Kaleidoscope asks South Africans to ‘be stronger together’ on World Sight Day
Cape Town, 13th October, 2016 – Kaleidoscope is calling for South Africans to be ‘stronger together’ on World Sight Day on 13th October, inclusive of a global initiative
to focus attention on blindness and vision impairment.
According to the Global Data on Visual Impairments, 80% of visual impairment is avoidable – i.e. readily treatable and/or preventable. Top causes of visual impairment include refractive errors, cataracts and glaucoma and top causes of blindness are cataracts, glaucoma and age-related macular degeneration.
The World Health Organization’s (WHO) Prevention of Blindness and Deafness Programme states that about 285 million people worldwide live with low vision and blindness. Of these, 39 million people are blind and 246 million have moderate or severe visual impairment.
Freddie Botha, Executive Head Kaleidoscope (previously known as The Institute for the Blind) which has been catering for the all-inclusive needs of visually impaired persons in South Africa since 1881, says that it is estimated that between R2,5 – R3,5 million people live with low vision and blindness in South Africa.
Employment is one of the biggest challenges the blind face in South Africa – this is evident in light of the fact that currently 97% of persons who are visually impaired are unemployed.
“It is up to everyone to help play a part in furthering the lives of the visually impaired both on a personal and professional level,” says Botha. “Blind people in the modern world are often unseen, invisible to a sighted society, and we want to change that because the blind have such unlimited potential and so much to offer to the world.”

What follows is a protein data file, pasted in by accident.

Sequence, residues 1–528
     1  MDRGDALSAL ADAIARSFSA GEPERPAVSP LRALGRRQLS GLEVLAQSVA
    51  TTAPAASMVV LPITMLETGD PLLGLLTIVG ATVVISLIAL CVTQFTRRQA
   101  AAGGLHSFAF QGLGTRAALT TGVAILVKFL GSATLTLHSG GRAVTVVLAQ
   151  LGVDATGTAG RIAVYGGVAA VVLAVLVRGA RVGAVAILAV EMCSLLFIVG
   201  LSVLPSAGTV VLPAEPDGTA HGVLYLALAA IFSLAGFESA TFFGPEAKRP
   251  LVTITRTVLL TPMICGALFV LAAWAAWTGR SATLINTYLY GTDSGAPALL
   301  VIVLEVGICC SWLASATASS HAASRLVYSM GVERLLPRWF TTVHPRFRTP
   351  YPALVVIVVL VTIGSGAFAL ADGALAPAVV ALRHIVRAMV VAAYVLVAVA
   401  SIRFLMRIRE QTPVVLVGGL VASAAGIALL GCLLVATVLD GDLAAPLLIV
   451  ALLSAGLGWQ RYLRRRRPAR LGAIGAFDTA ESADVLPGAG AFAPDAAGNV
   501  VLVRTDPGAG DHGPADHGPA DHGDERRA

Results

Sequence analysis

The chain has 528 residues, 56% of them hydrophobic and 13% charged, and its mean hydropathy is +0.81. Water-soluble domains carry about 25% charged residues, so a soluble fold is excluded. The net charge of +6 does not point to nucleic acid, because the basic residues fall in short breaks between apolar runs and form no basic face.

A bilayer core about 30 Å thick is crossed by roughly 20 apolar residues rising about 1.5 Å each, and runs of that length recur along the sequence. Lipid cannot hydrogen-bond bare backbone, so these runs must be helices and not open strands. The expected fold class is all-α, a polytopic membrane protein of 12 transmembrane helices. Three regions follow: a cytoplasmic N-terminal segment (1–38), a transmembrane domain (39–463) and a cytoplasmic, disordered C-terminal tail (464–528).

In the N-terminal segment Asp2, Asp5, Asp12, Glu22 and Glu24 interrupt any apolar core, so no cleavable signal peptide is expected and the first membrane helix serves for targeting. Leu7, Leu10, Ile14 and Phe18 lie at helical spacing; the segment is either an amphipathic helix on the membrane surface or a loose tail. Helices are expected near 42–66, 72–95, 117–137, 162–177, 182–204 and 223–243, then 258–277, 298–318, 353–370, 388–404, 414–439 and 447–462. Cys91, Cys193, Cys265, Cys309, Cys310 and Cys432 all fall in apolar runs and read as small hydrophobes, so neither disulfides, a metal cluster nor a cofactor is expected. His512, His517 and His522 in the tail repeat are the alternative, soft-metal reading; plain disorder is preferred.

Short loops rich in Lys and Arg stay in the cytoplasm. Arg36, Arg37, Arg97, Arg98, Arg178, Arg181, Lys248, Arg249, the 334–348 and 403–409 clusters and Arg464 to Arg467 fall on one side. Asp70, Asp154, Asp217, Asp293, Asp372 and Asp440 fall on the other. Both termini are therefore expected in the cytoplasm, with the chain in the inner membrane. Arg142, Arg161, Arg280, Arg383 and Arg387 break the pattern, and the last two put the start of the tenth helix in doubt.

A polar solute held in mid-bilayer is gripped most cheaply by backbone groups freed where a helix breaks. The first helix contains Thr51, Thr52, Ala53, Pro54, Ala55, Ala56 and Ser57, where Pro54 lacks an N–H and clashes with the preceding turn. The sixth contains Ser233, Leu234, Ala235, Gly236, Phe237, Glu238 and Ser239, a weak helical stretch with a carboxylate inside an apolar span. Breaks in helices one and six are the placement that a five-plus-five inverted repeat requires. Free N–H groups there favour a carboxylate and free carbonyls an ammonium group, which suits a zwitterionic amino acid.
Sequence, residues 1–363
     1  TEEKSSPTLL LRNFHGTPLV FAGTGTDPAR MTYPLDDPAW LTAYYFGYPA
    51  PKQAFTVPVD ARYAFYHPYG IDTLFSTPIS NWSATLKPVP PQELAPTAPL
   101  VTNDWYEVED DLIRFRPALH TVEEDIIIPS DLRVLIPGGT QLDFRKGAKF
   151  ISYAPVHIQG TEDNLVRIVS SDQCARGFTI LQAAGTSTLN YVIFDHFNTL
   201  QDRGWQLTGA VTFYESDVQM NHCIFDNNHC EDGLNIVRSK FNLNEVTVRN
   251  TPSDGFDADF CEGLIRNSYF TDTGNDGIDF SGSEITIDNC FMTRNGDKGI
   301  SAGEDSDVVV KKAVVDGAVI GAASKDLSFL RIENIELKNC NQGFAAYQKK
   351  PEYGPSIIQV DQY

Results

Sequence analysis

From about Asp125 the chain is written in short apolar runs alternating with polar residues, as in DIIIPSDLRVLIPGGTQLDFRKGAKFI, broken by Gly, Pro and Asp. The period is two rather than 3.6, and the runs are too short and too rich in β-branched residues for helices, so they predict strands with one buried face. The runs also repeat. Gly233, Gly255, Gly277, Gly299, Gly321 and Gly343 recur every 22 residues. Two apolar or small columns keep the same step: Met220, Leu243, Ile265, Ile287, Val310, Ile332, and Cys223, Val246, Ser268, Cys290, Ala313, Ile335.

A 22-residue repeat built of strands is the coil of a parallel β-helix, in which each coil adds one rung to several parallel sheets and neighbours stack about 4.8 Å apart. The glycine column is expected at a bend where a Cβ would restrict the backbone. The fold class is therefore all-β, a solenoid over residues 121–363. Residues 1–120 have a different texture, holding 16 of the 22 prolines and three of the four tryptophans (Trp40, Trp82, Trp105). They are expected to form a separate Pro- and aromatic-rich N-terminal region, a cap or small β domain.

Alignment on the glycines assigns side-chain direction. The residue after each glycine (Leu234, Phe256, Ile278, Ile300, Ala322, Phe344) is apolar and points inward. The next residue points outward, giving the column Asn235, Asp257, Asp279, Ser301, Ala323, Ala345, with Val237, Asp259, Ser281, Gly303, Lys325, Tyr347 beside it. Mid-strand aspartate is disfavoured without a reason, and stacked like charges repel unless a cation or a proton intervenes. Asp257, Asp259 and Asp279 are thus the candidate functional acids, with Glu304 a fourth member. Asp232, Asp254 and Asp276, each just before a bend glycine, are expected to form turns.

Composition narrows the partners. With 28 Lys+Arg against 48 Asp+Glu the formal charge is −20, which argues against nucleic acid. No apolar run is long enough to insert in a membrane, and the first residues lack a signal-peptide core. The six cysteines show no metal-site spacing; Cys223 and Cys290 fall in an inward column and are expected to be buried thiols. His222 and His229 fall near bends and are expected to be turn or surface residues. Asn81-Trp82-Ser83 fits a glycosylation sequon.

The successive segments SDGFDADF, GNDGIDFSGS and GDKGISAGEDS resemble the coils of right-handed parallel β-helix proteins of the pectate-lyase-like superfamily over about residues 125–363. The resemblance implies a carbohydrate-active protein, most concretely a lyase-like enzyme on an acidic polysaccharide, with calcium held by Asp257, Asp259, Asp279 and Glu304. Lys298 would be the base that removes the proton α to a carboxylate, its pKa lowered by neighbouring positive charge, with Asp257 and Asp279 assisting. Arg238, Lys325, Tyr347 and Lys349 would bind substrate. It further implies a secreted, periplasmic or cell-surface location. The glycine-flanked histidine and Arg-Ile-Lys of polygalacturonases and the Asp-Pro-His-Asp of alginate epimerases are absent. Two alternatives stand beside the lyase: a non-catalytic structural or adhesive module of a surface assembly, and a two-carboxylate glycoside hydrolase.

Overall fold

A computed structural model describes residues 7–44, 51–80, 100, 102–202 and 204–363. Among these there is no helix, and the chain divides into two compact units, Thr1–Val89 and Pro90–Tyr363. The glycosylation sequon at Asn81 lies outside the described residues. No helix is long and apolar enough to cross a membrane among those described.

Global adventurer and motivational speaker Hein Wagner, who is Kaleidoscope’s brand ambassador agrees, saying that visually impaired persons are capable of taking the lead in society.
He continues: “Being visually impaired is in itself a major change, however, with the appropriate training, support and guidance, quite possible to overcome. Equipped with modern information technology equipment and software, Kaleidoscope is the first organisation in Africa that is able to empower blind and partially sighted persons by training them in the most recent accessible Apple touch screen and touch type technologies which will result in more successful job placements of blind persons. Blind people will be able to operate like most sighted people in the workplace through this training.”
Kaleidoscope and its associated entities play an integral role for the blind in South Africa including the provision of employment opportunities in its production units; provision of accommodation, care and rehabilitation services on a 24-hour basis; training, skills and career development services; provision of literature in all mediums accessible to blind persons through the services of Pioneer Printers; promote the education of visually impaired learners through the services of the Pioneer School; and educating the public and creating an awareness of the unimaginable abilities of visually impaired persons.
He says that they are also busy transforming the production units to become more sustainable. Already innovative products have been launched including a new coffee brand and coffee shop, wine etiquettes and cane, weaving, wood, mattress, metal, arts, crafts production and sales.
We urge everyone to celebrate World Sight Day by having an eye exam and inform their friends of the importance of eye care on social media using the hashtag #WorldSightDay
“The key to good eye health is early detection and we urge South Africans to have their eyes tested on a regular basis,” says Wagner. “Generally, adults should have their eyes checked every 2 years unitl the age of 60 and yearly after that. Childen and adults at increased risk for eye problems should have exams more frequently.”
Those needing advice with vision problems can contact Kaleidoscope. “We advise people free of charge and they can visit our low vision department for support and guidance on low vision equipment,” he adds.
The Institute presently receives only 15% of government aid and is therefore solely responsible for the generation of 85% of the total operational expenses. “Although we strive to be more self- sustainable to ensure a future for our persons who are visually impaired support and donations are important,” Wagner explains.